By Richard Pagliaro | Tuesday, August 25, 2020
“Everything gets harder when you get older,” says Hall of Famer Martina Navratilova.
Photo credit: US Open Facebook
Security guards patrol exits of rented homes Serena Williams and Novak Djokovic occupy enforcing the US Open safety bubble.
Even elite gatekeepers can’t stop the kleptomaniac hounding Williams on her hunt for history.
The 23-time Grand Slam champion will launch her quest to claim her record seventh US Open title and match Margaret Court’s all-time record with her 24th major crown in the bubble of the Billie Jean King National Tennis Center next week.
Advancing age is the thief robbing reaction time, embezzling energy and stealing stoic focus from the 38-year-old Williams.
Hall of Famer Martina Navratilova, who was a month shy of her 50th birthday when she partnered Bob Bryan to the 2006 US Open mixed doubles championship, says “time is not on [Serena’s] side.”
The owner of 59 total Grand Slam titles believes complications caused by Williams’ advancing age is her biggest obstacle as she tries to cross the major finish line.
In a conference call with the media to promote Tennis Channel’s coverage of the US Open, which begins Monday at 10 a.m. Eastern with Navratilova, Jim Courier and Brett Haber hosting “Tennis Channel Live at the US Open” the former world No. 1 detailed why age is Williams’ biggest foe.
“Look, it was hard for me once I hit 30, and [Serena and Roger Federer are] 10 years older,” Navratilova said during her Tennis Channel conference call. “I played a lot more tennis at that point. Still, everything gets harder when you get older.
“Everything takes longer: preparation, recovery, recovery from injury, the nerves get in the way more as you get older, and you slow down a little bit. No matter how hard you work, the quickness is not the same.”
Fast-twitch muscles still function, but not quite as fast after age 35, Navratilova said.
“I thought, Okay, I was just as fast,” Navratilova said. “The reaction, even though I saw the ball, I almost had to tell myself to run for it. What came naturally in your 20s and early 30s now was a struggle.”
Still, Serena, who turns 39 on September 26th, has plenty of assets to aid her in this run at history.
Six of the world’s Top 10-ranked women—including defending-champion Bianca Andreescu, who beat Williams in the 2019 US Open final—didn’t make the trip to New York. A diluted field could make her path a bit less problematic.
It’s been six years since Serena last ruled New York, but the six-time US Open champion carries a competitive ally into the Open.
The US Open court.
Laykold, the new US Open surface, shipped the same US Open court surface to Williams’ Florida home. She spent recent months training on the new court in her backyard.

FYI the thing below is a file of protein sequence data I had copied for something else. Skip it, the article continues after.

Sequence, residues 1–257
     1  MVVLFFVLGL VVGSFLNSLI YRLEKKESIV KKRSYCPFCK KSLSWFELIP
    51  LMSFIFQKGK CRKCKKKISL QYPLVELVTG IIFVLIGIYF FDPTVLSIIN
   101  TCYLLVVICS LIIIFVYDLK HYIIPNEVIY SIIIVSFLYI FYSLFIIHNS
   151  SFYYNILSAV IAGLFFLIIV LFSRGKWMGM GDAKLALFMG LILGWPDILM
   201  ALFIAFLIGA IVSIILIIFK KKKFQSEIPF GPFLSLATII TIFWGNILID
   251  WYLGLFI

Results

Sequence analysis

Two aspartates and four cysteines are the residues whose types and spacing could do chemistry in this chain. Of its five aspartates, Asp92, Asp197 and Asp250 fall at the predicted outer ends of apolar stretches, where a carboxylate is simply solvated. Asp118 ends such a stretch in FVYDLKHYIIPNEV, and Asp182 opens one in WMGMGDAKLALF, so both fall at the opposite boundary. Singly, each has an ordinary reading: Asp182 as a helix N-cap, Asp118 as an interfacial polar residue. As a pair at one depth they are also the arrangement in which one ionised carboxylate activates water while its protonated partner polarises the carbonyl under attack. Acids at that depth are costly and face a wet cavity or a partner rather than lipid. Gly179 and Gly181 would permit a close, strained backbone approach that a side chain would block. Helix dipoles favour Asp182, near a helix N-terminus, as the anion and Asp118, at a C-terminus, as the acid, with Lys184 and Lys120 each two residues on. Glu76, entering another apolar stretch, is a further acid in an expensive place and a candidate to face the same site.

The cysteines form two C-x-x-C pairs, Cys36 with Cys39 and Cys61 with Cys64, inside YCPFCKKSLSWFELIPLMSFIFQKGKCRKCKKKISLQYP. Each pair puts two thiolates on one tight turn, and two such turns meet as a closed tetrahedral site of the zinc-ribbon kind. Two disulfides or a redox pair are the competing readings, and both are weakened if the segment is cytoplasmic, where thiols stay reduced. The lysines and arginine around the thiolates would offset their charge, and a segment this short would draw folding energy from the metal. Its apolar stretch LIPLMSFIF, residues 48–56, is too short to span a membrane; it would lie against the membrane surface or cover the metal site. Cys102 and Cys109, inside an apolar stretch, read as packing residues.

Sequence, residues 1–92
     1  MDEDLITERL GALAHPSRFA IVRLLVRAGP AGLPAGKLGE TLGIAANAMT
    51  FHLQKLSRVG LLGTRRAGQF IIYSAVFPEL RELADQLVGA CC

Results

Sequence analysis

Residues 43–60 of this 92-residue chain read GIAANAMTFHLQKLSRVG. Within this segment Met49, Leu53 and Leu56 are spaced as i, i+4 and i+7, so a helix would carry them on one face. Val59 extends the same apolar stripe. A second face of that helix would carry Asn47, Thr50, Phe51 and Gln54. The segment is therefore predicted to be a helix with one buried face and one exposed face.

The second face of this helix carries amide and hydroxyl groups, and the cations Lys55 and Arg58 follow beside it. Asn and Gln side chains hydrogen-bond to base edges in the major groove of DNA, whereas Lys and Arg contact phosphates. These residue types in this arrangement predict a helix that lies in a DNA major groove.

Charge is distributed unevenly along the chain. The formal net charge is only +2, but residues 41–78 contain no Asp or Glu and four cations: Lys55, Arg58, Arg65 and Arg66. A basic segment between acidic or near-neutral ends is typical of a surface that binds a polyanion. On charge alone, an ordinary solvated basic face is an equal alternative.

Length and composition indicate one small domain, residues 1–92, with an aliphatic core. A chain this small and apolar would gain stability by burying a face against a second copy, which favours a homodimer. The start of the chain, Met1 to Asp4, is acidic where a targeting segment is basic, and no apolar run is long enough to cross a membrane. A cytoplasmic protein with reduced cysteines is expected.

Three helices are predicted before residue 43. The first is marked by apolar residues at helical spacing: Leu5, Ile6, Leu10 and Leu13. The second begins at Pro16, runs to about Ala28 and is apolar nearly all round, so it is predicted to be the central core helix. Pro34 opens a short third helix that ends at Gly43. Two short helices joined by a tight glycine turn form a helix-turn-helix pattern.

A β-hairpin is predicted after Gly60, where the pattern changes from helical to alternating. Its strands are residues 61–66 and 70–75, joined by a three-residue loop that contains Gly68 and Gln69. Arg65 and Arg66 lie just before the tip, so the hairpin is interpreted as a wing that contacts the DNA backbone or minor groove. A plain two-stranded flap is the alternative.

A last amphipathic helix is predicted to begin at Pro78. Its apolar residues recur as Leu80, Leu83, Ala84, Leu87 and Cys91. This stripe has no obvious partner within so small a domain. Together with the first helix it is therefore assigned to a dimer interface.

The faster track rewarded Williams’ fiercest weapon—her serve—in her epic two hour, 48-minute Western & Southern Open opener yesterday. The third seed slashed 14 aces, including a 118 mph blast in the decisive tiebreaker, against one double fault and won 82 percent of her first-serve points in a sweat-soaked 7-6(6), 3-6, 7-6(0) victory over Arantxa Rus.
In addition to bringing the heat when she needed it most, Williams showed strong will and speedy wills playing some tremendous defense to extend points.
Still, how will tennis’ most famous mom recover amid potentially sweltering US Open conditions without the benefit of the energizing pro-Serena crowd?
And can the soon-to-be 39-year-old Williams either impose or explosiveness to shorten points or withstand the physical punishment of more two-hour-plus battles in the bubble?
Serena knows her performance this week will provide some answers.
“Physically I feel like I’m incredibly fit. I did hit a wall today in the second set,” said Williams, who left the court after the second set in accordance with the WTA’s heat rule. “I was so hot. That never happens. So I think physically I’m fit. Tennis is mental. You know, it’s all mental.”
The owner of a record 167 singles championships and 177 doubles titles, Navratilova knows staying power is much more than a state of mind and age can be an obstacle.
“I played doubles, finished almost 50 years old. I know that age definitely gets in the way,” Navratilova said. “It’s just a matter of how well you manage it.
“What you may lose speed-wise maybe you gain knowledge-wise, how to play points, how to manage your emotions and everything else. There’s different payoffs or different tradeoffs rather. It doesn’t get easier.
“Yeah, time is not on these guys’ side, whether it’s Roger or Serena. Time is not a friend.”
Twenty-two years after her US Open debut, Williams, who has dropped four straight Grand Slam finals, believes she’s fit enough to conquer the ultimate foe.
“I’m ready. I’m excited,” Williams said. “Like I said, I’m actually super fit and I’m super ready. I feel like I’m ready for anything.”